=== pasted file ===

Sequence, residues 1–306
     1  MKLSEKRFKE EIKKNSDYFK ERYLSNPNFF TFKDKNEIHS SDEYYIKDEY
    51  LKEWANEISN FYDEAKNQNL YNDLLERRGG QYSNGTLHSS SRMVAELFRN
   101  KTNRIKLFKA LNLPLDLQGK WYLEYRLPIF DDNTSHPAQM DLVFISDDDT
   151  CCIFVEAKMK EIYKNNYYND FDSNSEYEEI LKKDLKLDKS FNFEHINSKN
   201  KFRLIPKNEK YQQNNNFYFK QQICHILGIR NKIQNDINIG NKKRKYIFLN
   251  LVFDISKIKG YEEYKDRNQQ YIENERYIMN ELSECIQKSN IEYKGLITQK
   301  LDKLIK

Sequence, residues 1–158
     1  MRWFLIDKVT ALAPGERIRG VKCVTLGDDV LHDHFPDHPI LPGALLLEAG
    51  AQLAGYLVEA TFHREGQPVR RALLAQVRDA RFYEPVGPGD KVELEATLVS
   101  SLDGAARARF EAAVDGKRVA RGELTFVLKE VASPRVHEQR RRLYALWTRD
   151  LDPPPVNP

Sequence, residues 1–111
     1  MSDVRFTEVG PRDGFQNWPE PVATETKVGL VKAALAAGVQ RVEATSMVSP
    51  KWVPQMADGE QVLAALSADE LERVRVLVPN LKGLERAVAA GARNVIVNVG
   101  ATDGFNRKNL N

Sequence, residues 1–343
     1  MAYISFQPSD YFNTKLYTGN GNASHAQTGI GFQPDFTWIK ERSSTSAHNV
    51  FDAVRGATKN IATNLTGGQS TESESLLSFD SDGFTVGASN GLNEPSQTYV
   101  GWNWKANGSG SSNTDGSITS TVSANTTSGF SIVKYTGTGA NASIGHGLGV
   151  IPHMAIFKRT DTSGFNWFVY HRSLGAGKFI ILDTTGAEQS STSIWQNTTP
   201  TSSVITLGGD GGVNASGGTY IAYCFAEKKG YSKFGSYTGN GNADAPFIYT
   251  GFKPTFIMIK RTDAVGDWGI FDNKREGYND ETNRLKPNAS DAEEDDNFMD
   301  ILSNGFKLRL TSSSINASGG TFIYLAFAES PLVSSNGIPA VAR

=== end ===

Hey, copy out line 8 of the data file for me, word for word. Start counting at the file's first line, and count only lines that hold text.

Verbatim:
   301  LDKLIK